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With a teenager in the house currently deep into GCSE revision, the concept of time looms large in our lives. On the one hand, X days till exam time – cue panic. On the other hand, Y… Read More
Translation always involves something of a tussle between remaining loyal to the original text and creating something new, which reads as if it was originally written in the target language. Never more so than for literary translation where the end product must be a work of the greatest creativity. So I was fascinated to read about the Icelandic translation of Bram Stoker’s Dracula, which turns out to have been particularly creative with its source material. The translated book is fundamentally different from the original and is now considered a literary creation in its own right, and possibly even better than Stoker’s novel!
Bram Stoker wrote his classic Gothic horror novel in 1897, introducing the character of Count Dracula to the world. While he did not invent the concept of the vampire, he certainly spawned the modern vampire genre and his book has inspired countless film, television and theatre adaptations. The Icelandic translation was supposedly of that original 1897 text and was created just a few years after the English publication. Makt Myrkranna, (or Powers of Darkness), as the text is called in Icelandic, was created by the translator Valdimar Ásmundsson and includes a preface written by Stoker himself.
The Icelandic translation existed in parallel to Stoker’s text and was assumed to be a faithful translation of the original – presumably because so few people had actually read both works. In 1986 Dracula scholars became interested in the Icelandic text thanks to the preface written by Stoker. But still no one looked closely at the Icelandic novel itself. Only in 2014 did Dutch researcher Hans de Roos delve a bit further. Over a century after Makt Myrkranna’s original publication, de Roos discovered that, far from offering up a mere translation of the original Dracula, Ásmundsson had done a complete re-write, introducing new characters and an entirely reworked plot. Some even argue that Ásmundsson’s creation is superior to Stoker’s original text. The Guardian states that it is “shorter, punchier, more erotic, and perhaps even more suspenseful”.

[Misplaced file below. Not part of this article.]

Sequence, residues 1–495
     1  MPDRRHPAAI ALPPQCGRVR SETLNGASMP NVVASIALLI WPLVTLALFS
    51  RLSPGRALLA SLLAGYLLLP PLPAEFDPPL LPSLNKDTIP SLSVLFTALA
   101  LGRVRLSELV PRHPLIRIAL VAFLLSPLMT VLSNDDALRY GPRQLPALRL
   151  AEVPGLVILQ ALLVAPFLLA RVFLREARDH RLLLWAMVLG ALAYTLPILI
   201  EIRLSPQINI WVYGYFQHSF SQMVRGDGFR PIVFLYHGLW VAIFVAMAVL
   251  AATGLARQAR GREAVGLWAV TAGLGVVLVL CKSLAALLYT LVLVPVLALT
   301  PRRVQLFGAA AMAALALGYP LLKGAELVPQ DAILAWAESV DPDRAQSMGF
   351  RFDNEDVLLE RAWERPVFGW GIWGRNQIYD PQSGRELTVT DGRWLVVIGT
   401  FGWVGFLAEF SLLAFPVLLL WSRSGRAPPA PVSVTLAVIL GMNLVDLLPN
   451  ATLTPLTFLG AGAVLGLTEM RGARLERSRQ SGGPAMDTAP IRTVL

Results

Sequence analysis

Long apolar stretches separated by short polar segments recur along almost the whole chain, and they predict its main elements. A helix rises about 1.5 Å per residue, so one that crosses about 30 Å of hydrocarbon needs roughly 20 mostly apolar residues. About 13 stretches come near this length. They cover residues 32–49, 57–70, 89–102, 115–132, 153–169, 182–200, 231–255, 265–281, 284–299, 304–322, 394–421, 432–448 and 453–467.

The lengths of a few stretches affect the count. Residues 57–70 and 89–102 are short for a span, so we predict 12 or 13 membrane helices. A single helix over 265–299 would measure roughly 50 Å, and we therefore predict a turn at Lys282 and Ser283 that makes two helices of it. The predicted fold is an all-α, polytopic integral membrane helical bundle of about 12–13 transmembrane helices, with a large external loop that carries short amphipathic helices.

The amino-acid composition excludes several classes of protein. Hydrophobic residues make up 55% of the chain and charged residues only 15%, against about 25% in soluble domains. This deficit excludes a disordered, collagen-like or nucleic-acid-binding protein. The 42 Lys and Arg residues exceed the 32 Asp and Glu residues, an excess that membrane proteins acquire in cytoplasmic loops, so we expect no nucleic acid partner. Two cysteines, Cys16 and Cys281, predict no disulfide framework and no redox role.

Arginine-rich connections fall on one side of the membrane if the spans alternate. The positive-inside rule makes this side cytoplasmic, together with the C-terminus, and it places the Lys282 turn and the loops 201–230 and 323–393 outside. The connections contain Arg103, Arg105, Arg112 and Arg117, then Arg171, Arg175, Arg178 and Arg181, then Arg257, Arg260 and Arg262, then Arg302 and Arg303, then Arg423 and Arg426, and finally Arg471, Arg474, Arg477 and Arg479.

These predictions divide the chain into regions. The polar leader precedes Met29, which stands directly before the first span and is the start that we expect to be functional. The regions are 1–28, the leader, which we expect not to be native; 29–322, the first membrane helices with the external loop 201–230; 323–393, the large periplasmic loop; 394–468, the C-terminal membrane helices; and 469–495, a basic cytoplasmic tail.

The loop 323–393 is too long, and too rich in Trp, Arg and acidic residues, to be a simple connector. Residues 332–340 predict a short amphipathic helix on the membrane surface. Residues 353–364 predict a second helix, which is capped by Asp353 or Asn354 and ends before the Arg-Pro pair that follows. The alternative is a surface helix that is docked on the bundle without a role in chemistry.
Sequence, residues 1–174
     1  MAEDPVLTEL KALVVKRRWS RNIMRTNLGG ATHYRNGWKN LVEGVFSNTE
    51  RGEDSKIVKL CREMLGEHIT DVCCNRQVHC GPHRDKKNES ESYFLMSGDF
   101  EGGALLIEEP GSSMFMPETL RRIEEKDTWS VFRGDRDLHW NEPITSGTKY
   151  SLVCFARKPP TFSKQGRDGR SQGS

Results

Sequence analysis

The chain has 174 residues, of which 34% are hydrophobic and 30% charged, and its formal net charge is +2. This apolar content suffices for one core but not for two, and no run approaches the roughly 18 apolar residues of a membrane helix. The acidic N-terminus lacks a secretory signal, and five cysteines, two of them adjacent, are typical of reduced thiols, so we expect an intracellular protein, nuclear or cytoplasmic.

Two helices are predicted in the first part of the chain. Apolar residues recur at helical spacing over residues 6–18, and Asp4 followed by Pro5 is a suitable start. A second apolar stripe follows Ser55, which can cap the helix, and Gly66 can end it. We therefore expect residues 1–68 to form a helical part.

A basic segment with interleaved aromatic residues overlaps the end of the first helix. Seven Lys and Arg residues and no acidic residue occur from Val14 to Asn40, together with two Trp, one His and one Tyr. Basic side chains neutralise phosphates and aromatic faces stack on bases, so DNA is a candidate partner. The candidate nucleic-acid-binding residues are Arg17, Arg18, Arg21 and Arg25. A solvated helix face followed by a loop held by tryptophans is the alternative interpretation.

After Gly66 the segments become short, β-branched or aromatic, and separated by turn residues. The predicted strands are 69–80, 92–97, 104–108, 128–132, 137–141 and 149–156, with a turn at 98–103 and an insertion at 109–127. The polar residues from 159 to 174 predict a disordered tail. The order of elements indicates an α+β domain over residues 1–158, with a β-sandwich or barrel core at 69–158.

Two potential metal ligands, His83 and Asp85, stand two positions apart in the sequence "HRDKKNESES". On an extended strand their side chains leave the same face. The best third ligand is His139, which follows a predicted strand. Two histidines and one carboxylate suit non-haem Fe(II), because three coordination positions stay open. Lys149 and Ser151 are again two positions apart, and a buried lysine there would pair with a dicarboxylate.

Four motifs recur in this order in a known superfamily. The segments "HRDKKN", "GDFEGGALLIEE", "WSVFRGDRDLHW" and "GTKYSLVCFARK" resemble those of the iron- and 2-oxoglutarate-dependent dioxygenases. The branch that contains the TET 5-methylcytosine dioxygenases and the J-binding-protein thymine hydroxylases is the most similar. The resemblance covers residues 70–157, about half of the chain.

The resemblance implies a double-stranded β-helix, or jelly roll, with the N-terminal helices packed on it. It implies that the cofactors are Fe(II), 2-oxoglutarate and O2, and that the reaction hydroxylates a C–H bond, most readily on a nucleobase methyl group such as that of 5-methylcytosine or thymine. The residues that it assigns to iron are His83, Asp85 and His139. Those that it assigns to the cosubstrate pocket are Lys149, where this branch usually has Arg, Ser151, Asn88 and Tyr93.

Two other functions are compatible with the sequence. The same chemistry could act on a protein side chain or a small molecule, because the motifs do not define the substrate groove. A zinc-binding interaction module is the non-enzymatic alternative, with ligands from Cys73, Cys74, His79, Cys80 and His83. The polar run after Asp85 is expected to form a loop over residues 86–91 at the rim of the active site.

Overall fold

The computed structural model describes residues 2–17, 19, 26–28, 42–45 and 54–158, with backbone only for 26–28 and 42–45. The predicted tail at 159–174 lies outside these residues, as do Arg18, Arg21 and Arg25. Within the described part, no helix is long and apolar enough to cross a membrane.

The passage of time between Ásmundsson penning his creation and the discovery of quite how different it was to his source material, make it difficult to disentangle just how this came about. Perhaps Ásmundsson intentionally took liberties with the original text, believing he could improve Stoker’s work. If this is the case, one has to echo the words of reviewer Colin Fleming in asking whether “any translator before has had the gumption to go this far in reinventing an original text”. But it is possible that the Icelandic text is simply based on one of Stoker’s earlier draft versions. A more mundane explanation, but one that offers up fascinating possibilities for Dracula scholars interested in the origins of Stoker’s text.
The intriguing story behind the Icelandic Dracula has now been told in a book which presents the original Bram Stoker text along with Ásmundsson’s version translated by Hans de Roos. A translation of a translation which perhaps wasn’t a translation!
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